The Grenfell tragedy continues to have a profound impact on the bereaved, survivors and those affected in the local community. Alongside the grief and trauma that many people face, there is the additional impact of Covid-19, ongoing uncertainty around the future of the Tower and the continued pursuit of justice through the Grenfell Tower Inquiry and the criminal investigation. The fifth anniversary of the tragedy in June 2022 will also be an important milestone for the bereaved, survivors and local people.
The Council has begun an exciting and ambitious seven-year programme to improve their homes across the borough and make them a better place for our residents to live. Financially, we have currently committed £374m to the project. Our focus is to carry out works that address health and safety issues first, followed by exterior building such as roofs, windows, walls, and balconies, as well as mechanical and electrical work such as boilers and door entry systems. We are also placing a strong focus on sustainability measures to make our homes future-proof and energy efficient while working with residents to make all this possible.
What we are currently doing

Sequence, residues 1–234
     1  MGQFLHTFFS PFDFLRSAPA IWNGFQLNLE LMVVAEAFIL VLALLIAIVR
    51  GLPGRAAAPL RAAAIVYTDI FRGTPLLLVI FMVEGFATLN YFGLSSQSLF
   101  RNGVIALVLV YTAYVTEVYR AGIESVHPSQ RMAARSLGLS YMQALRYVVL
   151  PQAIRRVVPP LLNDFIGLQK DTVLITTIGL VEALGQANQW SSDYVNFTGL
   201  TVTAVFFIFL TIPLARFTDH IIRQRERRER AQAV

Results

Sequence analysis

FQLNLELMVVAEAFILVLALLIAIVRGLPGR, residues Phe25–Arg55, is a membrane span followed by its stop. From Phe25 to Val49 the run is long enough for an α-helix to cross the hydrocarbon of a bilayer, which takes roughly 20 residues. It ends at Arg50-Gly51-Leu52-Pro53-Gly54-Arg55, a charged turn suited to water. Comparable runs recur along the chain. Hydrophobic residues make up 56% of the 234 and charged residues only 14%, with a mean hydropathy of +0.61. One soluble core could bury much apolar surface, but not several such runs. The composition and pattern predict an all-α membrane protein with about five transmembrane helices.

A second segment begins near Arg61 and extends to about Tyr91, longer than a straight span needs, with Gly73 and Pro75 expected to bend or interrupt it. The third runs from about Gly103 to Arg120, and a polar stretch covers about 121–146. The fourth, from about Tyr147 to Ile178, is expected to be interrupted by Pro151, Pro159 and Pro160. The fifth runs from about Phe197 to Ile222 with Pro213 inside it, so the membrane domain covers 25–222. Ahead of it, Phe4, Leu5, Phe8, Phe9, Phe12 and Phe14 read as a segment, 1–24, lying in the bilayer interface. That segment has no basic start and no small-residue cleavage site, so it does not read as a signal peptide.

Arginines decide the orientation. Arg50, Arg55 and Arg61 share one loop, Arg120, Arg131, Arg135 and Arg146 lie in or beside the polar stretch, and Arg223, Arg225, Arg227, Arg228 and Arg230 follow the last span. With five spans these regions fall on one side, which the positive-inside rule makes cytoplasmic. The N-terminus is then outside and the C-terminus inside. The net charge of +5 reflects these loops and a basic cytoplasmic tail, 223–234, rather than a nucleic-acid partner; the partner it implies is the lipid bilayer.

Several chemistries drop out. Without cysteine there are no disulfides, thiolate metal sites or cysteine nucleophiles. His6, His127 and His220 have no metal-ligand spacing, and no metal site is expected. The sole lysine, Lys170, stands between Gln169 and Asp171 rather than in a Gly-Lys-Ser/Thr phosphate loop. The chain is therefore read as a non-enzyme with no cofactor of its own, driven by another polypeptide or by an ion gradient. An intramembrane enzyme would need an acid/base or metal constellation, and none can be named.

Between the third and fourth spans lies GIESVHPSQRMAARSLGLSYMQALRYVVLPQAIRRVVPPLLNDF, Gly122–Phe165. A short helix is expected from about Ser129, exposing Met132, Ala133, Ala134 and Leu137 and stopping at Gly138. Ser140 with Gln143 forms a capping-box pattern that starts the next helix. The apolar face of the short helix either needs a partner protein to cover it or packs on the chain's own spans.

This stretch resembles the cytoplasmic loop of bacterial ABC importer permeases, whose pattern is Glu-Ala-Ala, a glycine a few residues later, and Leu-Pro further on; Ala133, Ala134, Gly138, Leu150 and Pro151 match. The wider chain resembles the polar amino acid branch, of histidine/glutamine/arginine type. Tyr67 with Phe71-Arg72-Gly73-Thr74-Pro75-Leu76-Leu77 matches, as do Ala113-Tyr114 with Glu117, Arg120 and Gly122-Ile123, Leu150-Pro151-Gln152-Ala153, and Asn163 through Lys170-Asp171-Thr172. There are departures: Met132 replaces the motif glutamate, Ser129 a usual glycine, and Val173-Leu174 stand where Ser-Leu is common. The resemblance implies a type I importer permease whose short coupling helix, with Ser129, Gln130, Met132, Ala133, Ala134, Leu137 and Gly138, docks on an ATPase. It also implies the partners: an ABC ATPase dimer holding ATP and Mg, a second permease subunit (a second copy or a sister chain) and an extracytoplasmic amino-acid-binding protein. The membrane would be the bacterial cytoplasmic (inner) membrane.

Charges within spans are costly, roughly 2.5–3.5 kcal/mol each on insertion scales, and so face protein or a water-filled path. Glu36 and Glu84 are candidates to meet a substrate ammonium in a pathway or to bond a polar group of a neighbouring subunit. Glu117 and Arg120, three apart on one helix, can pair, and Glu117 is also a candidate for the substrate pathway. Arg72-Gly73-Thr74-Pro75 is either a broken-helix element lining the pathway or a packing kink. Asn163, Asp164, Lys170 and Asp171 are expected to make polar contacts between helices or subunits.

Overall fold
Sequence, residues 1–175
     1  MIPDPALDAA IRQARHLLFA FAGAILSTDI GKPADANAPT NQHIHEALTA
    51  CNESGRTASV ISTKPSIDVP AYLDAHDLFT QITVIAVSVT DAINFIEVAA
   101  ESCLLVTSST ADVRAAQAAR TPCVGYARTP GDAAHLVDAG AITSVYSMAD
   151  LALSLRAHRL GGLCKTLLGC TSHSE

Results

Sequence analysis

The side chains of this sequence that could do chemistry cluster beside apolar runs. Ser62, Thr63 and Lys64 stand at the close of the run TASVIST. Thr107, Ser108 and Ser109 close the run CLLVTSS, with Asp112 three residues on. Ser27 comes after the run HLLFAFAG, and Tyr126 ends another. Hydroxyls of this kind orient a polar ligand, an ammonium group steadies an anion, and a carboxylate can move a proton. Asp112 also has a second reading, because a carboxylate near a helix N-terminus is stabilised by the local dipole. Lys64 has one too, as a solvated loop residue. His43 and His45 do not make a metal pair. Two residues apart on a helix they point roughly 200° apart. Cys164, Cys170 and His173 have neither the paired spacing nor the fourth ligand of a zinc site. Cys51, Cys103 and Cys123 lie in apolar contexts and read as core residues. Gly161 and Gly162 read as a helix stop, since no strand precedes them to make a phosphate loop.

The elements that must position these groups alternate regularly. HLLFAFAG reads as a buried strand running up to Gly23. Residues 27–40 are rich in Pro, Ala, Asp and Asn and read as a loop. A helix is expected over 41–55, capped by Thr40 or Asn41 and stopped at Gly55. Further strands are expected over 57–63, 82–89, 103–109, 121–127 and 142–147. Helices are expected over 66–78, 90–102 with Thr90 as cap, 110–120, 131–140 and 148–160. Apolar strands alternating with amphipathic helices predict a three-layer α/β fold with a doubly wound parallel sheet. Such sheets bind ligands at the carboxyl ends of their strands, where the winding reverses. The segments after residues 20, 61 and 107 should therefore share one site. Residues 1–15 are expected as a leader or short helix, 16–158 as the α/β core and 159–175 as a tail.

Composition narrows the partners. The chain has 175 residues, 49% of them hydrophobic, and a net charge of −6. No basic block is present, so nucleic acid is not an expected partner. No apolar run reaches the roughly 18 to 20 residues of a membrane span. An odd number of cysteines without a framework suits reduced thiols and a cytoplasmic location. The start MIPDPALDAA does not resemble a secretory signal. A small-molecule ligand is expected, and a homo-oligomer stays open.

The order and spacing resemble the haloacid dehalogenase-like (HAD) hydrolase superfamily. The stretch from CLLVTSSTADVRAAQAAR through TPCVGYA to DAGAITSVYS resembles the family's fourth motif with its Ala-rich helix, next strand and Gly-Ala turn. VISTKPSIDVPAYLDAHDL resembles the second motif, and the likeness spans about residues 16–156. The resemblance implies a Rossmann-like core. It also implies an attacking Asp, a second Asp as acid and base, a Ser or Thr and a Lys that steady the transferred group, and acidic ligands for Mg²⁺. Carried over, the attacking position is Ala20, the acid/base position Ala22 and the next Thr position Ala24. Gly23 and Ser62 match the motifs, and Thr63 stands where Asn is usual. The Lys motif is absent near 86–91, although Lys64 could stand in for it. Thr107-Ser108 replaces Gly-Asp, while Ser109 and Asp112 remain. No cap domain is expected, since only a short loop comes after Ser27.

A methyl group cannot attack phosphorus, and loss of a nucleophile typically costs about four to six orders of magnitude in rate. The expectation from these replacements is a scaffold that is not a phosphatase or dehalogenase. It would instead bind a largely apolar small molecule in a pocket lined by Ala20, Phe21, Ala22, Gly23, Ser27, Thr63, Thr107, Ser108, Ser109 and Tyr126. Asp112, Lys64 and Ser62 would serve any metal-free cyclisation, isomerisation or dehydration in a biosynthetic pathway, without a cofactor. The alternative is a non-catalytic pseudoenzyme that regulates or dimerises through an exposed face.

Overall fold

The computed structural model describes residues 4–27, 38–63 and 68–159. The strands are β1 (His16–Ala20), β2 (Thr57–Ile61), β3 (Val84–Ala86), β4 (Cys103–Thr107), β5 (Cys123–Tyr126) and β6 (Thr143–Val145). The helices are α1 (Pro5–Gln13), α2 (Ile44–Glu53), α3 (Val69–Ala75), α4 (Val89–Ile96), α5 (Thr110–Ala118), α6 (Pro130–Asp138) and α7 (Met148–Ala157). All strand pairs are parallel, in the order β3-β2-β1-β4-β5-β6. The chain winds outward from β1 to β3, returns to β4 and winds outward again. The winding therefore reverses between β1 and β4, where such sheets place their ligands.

- We have established a Dedicated Service for those who are bereaved and survivors from the tragedy, working in partnership with them to provide tailored and personalised support.
- Over 1500 people are reached monthly via the Recovery Programme and we have continued to provide targeted support for children and adults in the local community.
- Residents are leading decision-making for local projects through participatory budgeting, with £0.7m allocated to 56 community projects in 2021.
- We have adapted and increased this support in recognition of the additional impact of Covid-19 and are delivering services and initiatives for the local community in new ways.
A great place to live, work and learn
- We have committed £8million of funding for our Covid Recovery Programme, in response to business and employment challenges, as well as the mental health and wellbeing needs following the pandemic.
- We have continued to support our schools, providing an extra £1m of funding during the pandemic. 98% of our schools are rated ‘good’ or ‘outstanding’ by Ofsted and we have made sure every child in the borough, had a digital device and access to the internet to support on-line learning.
- We have transformed how we work with local businesses and with new and established business forums. Over £105m has been given to businesses through schemes, such as business rates grants, the Local Restrictions Support Scheme and the Council’s own Business Interruption Fund, to help them through the impacts of Covid-19.
- The Council’s New Homes Programme delivery has started with four schemes starting in 2021 to deliver 98 homes, including 50 for social rent, and completions are forecast during 2022 and 2023.
- We will have invested £290million through our capital programme in our local streets, schools and homes over 2019-2022.
- We have continued to work with partners and the community to develop the New Local Plan and we have worked and consulted on design codes for developments at Latimer Road and Lots Road.